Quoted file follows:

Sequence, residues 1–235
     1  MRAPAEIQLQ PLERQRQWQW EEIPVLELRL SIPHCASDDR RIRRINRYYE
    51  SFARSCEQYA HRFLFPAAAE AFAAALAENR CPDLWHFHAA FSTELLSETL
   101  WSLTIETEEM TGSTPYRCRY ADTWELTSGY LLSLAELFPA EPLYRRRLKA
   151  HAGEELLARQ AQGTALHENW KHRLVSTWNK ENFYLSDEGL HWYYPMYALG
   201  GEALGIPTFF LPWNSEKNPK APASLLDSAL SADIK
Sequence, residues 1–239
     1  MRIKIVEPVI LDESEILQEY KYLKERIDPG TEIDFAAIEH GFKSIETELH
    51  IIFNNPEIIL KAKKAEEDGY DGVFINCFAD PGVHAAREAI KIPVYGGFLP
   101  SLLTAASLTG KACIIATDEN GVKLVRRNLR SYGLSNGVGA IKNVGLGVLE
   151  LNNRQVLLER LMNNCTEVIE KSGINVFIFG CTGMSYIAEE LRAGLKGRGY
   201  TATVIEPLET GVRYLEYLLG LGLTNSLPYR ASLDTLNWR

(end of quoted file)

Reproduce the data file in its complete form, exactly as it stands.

Sequence, residues 1–235
     1  MRAPAEIQLQ PLERQRQWQW EEIPVLELRL SIPHCASDDR RIRRINRYYE
    51  SFARSCEQYA HRFLFPAAAE AFAAALAENR CPDLWHFHAA FSTELLSETL
   101  WSLTIETEEM TGSTPYRCRY ADTWELTSGY LLSLAELFPA EPLYRRRLKA
   151  HAGEELLARQ AQGTALHENW KHRLVSTWNK ENFYLSDEGL HWYYPMYALG
   201  GEALGIPTFF LPWNSEKNPK APASLLDSAL SADIK
Sequence, residues 1–239
     1  MRIKIVEPVI LDESEILQEY KYLKERIDPG TEIDFAAIEH GFKSIETELH
    51  IIFNNPEIIL KAKKAEEDGY DGVFINCFAD PGVHAAREAI KIPVYGGFLP
   101  SLLTAASLTG KACIIATDEN GVKLVRRNLR SYGLSNGVGA IKNVGLGVLE
   151  LNNRQVLLER LMNNCTEVIE KSGINVFIFG CTGMSYIAEE LRAGLKGRGY
   201  TATVIEPLET GVRYLEYLLG LGLTNSLPYR ASLDTLNWR